3D metamaterials from semiconductors

Materials World magazine
,
1 Feb 2008
Light passing through metamaterial

Scientists at Princeton University, USA, claim to have produced the first 3D metamaterial constructed entirely from semiconductors. They believe the new design could offer a cost effective way of creating negative refractive lenses for high-speed communications, medical diagnostics and detecting terrorist threats.

‘For most applications, in order for the metamaterial to significantly affect incident light, the material must be optically thick (3D),’ explains lead researcher Anthony Hoffman. ‘The thicker the material, the longer it is governed by these unique material parameters.’

The team used molecular beam epitaxy (MBE) to ‘grow’ indium gallium arsenide (InGaAs) and aluminium indium arsenide layers on an indium phosphate substrate. ‘The InGaAs layers were doped with silicon to introduce free electrons [that] create plasma resonance, which is essential for the material to exhibit negative refraction,’ says Hoffman.

He explains that by creating a 3D design from semiconductors produced using MBE, a technology employed in telecommunications to make lasers and detectors, the researchers have found a simple, more reliable and cost effective technique to scale up the production of metamaterials.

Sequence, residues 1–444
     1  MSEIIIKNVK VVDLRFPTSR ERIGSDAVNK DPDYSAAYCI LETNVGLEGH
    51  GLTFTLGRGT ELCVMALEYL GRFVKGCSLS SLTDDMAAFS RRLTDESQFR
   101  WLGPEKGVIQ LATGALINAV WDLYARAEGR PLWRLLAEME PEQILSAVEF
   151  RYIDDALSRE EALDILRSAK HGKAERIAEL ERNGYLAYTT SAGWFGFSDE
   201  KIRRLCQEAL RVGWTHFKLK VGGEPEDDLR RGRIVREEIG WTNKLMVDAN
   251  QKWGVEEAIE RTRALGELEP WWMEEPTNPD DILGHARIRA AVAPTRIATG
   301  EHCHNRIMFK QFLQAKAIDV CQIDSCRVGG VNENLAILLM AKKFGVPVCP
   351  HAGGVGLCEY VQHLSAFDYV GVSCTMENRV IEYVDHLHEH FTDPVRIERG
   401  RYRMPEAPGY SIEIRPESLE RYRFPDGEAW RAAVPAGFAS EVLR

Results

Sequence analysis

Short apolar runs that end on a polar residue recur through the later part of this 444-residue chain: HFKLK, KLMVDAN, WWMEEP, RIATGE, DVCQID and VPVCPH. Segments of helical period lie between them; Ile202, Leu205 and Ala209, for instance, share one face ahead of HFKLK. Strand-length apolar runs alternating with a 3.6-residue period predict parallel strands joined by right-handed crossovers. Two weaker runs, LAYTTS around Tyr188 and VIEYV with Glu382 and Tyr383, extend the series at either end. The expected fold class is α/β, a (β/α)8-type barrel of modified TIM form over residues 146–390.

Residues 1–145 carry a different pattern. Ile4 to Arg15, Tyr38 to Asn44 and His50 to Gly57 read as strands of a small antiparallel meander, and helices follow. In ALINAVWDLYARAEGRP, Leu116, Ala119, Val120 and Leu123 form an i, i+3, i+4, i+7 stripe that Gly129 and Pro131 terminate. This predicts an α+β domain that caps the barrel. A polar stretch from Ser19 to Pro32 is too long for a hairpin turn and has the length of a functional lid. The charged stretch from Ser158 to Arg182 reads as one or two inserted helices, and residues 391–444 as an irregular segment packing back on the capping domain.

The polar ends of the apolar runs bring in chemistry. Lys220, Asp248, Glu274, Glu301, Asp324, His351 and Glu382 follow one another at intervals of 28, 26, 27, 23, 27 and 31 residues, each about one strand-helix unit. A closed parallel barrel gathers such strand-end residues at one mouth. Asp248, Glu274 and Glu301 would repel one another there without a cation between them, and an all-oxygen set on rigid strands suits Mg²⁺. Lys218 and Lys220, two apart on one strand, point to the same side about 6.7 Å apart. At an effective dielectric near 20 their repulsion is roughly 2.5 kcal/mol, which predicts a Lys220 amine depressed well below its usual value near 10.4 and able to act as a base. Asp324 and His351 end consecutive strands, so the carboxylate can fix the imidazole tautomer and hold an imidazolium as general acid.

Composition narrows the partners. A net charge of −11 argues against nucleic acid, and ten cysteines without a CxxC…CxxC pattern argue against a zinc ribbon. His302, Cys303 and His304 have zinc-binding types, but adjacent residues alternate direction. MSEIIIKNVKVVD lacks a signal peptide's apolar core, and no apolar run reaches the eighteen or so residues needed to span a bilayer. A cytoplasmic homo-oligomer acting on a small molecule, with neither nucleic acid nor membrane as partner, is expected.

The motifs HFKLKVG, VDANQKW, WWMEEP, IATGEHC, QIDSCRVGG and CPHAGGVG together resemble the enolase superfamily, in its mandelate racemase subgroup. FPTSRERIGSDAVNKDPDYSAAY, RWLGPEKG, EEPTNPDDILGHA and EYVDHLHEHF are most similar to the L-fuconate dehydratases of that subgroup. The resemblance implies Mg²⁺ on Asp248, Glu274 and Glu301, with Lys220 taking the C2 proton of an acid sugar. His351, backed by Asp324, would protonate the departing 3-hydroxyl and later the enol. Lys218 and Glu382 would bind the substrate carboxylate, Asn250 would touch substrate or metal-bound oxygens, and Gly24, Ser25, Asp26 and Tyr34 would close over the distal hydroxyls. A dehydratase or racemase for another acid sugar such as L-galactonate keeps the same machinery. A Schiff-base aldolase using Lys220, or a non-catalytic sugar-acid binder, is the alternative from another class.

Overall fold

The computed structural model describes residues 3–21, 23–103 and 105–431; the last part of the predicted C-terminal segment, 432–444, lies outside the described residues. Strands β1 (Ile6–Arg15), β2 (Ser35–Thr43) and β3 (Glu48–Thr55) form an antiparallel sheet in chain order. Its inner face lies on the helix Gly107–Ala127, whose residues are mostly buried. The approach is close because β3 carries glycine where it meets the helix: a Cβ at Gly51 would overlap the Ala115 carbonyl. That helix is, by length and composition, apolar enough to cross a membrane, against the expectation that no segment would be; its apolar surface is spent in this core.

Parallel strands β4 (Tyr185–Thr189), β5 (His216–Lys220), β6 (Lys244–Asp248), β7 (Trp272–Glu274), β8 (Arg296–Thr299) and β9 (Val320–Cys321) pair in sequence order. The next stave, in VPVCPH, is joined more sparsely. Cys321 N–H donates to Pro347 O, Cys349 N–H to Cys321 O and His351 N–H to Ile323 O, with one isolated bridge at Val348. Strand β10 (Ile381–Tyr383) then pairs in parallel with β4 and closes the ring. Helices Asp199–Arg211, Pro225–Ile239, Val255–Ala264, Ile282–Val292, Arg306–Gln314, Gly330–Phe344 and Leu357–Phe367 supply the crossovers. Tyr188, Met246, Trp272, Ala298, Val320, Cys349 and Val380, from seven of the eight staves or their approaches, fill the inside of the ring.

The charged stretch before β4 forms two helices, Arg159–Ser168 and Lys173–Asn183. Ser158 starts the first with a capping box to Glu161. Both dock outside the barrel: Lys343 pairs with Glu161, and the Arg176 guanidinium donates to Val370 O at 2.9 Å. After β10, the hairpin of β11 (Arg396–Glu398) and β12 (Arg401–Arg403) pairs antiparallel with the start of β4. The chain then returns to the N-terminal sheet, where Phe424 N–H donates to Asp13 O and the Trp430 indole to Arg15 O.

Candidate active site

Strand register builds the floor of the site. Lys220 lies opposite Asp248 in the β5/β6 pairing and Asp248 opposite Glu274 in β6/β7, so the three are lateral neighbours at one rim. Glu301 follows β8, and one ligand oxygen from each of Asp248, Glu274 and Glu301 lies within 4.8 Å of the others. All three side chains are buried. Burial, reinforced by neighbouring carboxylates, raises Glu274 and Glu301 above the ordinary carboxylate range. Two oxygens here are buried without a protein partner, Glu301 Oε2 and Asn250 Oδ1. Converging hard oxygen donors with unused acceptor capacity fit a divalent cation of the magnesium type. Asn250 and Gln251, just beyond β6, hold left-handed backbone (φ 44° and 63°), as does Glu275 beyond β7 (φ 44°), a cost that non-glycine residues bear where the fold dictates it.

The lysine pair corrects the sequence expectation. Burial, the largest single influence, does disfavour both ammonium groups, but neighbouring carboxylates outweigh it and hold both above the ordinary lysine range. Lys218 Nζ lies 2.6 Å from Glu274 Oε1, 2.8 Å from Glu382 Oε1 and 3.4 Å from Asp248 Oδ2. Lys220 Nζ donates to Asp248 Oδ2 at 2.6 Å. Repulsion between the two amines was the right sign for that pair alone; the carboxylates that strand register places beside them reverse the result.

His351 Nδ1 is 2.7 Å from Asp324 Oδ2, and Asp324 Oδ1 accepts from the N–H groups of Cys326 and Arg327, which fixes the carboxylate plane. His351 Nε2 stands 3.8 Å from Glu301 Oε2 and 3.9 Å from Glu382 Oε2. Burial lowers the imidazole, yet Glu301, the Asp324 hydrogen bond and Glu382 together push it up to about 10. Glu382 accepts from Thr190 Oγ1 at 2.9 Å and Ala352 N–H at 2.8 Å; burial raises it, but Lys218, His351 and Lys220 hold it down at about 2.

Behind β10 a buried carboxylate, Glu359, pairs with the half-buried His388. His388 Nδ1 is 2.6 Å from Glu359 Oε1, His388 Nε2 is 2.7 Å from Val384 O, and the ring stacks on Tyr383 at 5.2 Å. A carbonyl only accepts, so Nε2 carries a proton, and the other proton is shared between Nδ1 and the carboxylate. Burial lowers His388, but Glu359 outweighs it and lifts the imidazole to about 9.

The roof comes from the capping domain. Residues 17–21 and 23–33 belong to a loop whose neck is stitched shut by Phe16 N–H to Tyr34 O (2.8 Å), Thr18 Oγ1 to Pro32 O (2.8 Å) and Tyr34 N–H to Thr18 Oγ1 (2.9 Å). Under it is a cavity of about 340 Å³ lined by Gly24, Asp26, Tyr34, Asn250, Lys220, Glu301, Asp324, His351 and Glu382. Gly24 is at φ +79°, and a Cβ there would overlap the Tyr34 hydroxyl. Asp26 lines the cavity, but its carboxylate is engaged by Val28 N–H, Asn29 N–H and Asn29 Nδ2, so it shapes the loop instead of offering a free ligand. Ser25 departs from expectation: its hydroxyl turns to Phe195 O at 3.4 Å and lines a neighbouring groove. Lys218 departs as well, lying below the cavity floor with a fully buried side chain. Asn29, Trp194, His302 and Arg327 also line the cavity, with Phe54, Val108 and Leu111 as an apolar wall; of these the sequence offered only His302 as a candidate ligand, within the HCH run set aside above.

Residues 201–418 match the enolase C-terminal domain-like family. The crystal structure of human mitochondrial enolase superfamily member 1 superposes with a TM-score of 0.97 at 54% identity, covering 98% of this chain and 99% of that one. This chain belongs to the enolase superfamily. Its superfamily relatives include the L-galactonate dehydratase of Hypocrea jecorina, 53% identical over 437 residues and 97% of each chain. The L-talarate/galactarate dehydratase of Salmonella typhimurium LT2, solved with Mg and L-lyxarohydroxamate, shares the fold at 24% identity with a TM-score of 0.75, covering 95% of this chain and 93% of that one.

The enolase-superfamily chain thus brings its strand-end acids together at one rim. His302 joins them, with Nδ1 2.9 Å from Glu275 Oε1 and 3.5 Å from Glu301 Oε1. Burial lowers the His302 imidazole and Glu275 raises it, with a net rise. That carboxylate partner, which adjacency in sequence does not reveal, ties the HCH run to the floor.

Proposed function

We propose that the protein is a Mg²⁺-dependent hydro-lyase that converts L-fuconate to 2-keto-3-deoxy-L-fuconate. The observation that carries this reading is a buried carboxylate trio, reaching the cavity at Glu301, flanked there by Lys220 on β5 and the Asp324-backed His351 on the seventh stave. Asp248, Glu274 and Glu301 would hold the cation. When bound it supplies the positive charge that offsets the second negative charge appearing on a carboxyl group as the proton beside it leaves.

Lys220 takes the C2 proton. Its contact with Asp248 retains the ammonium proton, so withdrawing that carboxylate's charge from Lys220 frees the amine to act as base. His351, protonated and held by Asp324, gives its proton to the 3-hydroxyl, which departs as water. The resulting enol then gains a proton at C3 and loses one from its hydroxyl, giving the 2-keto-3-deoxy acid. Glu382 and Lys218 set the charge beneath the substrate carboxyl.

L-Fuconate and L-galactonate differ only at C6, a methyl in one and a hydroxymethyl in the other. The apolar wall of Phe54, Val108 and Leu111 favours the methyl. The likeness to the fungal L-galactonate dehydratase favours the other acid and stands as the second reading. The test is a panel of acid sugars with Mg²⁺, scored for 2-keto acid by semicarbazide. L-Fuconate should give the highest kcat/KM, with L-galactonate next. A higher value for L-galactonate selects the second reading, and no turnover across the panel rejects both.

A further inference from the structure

He says, ‘Previous metamaterials achieve negative refraction by using sub-wavelength structures that have two resonances – one electric and the other magnetic. These are amazing feats of science and engineering [but] to produce them, one must have a firm understanding of the governing physics to devise an appropriate design, and the skill and capability to realise that design.’

Furthermore, the invention at Princeton is capable of negative refraction of light in the mid-infrared region, which is used in a range of sensing and communications applications.

The team claims there is also less light lost from its single-resonance invention, compared to double-resonance metamaterials that experience high optical absorption.

Commenting on the research, John Pendry, Professor of Physics at Imperial College London, UK, who has conducted extensive research into metamaterials, told Materials World, ‘This is an interesting experimental advance. The [researchers] deploy a new set of ingredients to make up a metamaterial functioning near to optical frequencies’.

He adds, ‘The anisotropic material concerned is not a negative index material, but what is known as an indeterminate material – a negative response to electric fields acting along one axis and a positive response along the other axis. Such materials have been studied in the past. The significance of the present work is the high quality of materials employed, which enables a better quality of product to be obtained.’

 

Further information:

John Pendry's personal website